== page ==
Simple bindings are used to parse and encode elements and attributes which have simple types. The API for simple bindings looks like:

/**
 * Parses an instance component (element or attribute) into an object
 * representation.
 */
 Object parse(InstanceComponent instance, Object value) throws Exception;

/**
 * Performs the encoding of the object as a String.
 *
 *
 */
 String encode(Object object, String value) throws Exception;
  • Parsing:

    Object parse(InstanceComponent instance, Object value) throws Exception;
    

    The parse method for simple bindings takes two parameters:

    • instance: The instance component ( element or attribute ) that is being parsed as an instance of org.geotools.xml.InstanceComponent
    • value: The parsed value of the element / attribute created by the previous binding in the execution chain ( explained in greater detail above ). If the binding is the first in the chain, this value is the raw text of the element / attribute as a String.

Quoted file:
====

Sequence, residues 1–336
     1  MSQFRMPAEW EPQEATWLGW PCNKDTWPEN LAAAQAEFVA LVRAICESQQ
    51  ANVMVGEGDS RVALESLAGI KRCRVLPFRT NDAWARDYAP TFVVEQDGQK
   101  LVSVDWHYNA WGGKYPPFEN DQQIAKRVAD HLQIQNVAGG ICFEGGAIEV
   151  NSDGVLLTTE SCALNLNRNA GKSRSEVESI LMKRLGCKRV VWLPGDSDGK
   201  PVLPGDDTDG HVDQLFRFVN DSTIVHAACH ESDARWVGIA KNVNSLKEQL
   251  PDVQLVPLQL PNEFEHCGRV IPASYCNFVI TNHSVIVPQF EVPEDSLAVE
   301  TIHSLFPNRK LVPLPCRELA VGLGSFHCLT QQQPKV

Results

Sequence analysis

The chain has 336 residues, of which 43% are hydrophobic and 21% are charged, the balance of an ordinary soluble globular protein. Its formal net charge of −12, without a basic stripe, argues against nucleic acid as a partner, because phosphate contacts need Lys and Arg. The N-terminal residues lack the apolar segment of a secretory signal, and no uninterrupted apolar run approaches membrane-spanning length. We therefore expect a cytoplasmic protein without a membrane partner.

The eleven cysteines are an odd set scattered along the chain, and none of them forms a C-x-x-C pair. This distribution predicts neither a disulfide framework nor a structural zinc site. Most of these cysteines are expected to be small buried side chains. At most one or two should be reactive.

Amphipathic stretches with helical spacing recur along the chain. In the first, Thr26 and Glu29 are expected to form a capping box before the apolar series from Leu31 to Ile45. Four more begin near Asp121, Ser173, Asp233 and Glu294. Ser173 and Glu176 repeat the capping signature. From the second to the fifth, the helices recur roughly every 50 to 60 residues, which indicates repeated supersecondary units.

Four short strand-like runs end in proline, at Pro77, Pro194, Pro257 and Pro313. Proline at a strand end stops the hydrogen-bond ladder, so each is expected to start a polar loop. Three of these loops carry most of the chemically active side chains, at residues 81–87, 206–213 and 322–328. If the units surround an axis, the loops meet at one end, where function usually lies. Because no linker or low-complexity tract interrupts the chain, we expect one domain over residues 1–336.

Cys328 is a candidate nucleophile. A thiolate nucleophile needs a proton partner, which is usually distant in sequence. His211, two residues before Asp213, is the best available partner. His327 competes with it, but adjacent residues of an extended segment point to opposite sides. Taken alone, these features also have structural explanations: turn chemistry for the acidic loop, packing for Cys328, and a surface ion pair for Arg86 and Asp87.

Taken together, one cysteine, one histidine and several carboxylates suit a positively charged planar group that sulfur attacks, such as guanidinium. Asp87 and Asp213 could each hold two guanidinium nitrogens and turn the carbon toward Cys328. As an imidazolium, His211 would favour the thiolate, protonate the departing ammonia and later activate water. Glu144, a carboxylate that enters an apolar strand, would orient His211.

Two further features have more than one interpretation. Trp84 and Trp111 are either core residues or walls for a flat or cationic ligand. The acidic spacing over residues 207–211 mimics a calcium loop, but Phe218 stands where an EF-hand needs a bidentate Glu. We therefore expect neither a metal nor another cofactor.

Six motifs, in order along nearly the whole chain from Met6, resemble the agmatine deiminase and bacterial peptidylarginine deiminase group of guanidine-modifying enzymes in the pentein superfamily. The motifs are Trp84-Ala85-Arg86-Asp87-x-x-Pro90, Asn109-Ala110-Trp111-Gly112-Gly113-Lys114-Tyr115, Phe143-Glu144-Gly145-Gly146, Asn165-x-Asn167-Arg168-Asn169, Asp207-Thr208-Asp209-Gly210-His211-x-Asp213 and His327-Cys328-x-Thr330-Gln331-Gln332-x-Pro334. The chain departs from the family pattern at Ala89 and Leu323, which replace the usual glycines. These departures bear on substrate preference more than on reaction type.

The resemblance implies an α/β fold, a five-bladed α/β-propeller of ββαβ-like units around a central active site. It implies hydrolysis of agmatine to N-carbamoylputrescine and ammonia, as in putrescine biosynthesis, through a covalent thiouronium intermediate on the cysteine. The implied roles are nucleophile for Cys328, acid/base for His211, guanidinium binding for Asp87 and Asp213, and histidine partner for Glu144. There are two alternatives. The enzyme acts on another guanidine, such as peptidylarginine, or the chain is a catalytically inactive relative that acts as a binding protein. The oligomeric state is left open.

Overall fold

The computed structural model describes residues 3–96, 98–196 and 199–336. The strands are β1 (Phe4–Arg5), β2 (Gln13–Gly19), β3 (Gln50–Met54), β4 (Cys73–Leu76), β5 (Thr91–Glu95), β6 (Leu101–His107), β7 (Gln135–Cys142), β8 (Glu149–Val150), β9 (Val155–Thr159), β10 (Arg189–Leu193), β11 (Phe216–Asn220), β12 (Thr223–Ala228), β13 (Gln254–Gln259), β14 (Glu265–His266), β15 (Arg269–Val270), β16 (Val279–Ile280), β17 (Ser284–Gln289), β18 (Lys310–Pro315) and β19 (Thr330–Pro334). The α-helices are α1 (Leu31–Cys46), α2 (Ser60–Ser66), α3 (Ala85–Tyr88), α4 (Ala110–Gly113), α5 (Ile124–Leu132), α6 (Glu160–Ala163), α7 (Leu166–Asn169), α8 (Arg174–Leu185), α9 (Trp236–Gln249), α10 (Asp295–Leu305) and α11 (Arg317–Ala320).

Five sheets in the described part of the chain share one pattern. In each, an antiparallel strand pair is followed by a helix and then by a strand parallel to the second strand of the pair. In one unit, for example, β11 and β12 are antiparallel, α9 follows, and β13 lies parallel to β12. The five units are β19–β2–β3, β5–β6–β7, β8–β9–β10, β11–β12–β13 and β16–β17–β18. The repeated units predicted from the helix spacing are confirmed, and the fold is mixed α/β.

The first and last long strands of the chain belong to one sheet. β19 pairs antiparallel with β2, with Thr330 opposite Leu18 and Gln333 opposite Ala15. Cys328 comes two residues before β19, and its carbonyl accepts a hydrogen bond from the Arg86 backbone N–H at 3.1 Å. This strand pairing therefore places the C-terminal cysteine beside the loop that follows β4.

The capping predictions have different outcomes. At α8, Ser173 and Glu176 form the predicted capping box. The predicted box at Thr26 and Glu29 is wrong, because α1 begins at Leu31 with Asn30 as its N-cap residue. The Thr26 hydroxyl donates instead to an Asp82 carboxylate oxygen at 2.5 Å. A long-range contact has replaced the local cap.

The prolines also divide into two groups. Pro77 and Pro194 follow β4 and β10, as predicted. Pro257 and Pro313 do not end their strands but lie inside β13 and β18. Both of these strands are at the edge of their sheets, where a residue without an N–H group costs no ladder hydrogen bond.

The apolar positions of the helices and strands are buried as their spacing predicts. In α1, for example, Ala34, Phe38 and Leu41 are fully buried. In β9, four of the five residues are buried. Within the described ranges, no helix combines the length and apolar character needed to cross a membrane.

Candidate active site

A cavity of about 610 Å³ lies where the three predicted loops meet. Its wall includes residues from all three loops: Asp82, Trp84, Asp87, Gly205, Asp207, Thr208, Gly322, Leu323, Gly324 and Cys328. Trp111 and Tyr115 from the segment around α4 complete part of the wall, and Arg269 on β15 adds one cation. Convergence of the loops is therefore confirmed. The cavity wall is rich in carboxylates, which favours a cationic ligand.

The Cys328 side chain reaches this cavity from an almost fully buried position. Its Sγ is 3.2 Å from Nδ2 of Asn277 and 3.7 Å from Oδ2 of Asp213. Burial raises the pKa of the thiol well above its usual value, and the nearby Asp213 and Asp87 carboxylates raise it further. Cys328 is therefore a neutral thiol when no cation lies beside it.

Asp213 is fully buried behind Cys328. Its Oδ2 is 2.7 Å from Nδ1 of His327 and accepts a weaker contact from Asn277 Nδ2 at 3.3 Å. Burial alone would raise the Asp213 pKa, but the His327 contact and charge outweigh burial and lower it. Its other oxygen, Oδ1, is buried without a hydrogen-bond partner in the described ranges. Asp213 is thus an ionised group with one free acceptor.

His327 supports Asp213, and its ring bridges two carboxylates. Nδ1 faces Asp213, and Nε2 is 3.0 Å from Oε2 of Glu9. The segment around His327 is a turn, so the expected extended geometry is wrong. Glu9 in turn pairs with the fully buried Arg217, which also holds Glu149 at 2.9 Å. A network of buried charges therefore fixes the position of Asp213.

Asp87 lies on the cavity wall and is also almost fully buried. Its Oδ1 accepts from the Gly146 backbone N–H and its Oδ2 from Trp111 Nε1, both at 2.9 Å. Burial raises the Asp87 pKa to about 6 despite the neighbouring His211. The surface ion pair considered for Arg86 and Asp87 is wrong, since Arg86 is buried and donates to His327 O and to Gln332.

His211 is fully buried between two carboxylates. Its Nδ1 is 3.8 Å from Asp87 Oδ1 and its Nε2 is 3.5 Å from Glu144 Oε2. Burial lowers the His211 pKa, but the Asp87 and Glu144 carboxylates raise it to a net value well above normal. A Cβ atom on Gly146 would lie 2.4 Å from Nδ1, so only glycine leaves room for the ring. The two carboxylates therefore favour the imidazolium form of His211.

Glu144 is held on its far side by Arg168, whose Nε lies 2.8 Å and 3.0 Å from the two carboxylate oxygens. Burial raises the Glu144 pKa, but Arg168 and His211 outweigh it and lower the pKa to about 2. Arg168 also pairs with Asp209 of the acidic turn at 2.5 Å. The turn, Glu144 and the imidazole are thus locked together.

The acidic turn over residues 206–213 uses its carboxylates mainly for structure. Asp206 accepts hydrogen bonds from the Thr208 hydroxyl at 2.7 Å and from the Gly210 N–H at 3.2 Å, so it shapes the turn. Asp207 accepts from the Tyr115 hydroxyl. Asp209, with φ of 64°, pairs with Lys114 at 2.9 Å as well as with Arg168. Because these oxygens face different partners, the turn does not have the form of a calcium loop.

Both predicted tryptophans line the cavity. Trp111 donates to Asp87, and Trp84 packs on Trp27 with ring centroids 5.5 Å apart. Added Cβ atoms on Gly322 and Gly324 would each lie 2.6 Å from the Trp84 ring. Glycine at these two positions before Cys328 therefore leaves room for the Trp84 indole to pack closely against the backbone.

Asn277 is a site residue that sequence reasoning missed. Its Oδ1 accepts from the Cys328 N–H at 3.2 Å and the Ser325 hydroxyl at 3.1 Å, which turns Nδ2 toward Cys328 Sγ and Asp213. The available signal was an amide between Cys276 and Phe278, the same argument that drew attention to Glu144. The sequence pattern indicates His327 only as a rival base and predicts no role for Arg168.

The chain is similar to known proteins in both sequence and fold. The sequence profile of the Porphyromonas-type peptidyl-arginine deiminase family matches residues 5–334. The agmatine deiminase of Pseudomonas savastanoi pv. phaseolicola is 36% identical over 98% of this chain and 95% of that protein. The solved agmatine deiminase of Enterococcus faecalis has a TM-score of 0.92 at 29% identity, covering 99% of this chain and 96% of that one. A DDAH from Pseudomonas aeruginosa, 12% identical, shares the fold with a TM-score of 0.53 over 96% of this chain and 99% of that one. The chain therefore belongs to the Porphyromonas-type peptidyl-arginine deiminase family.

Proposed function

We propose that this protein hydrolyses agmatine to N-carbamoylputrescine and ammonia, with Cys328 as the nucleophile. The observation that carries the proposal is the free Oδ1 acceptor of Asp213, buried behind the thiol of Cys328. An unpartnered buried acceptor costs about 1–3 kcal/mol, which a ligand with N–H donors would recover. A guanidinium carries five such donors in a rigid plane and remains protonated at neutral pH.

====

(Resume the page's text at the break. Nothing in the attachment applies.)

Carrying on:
The return value of the method is the transformed object. Continuing with the “xs:integer” example, an implementation could be:

    Object parse(InstanceComponent instance, Object value) throws Exception {
      return Integer.parseInt( (String) value );
    }
    
  • Encoding:

    String encode(Object object, String value) throws Exception;
    

    The encode method for simple bindings must serialize the element or attribute as a string.

    It takes two parameters:

    • object: The object to serialize or encode as XML
    • value: The string value as encoded by the previous binding in the execution chain. If the binding is the first in the chain, the value is the result of calling toString() on the object parameter.

    The return value of the method is the serialized value for the object. The example of “xs:integer” can be implemented as:

    String encode(Object object, String value) throws Exception {
      Integer integer = (Integer) object;
      return integer.toString();
    }
    
  • AbstractSimpleBinding

    The class org.geotools.xml.AbstractSimpleBinding is available for subclassing by binding writers.

Complex Bindings

Complex bindings are used to parse and encode elements which have complex types.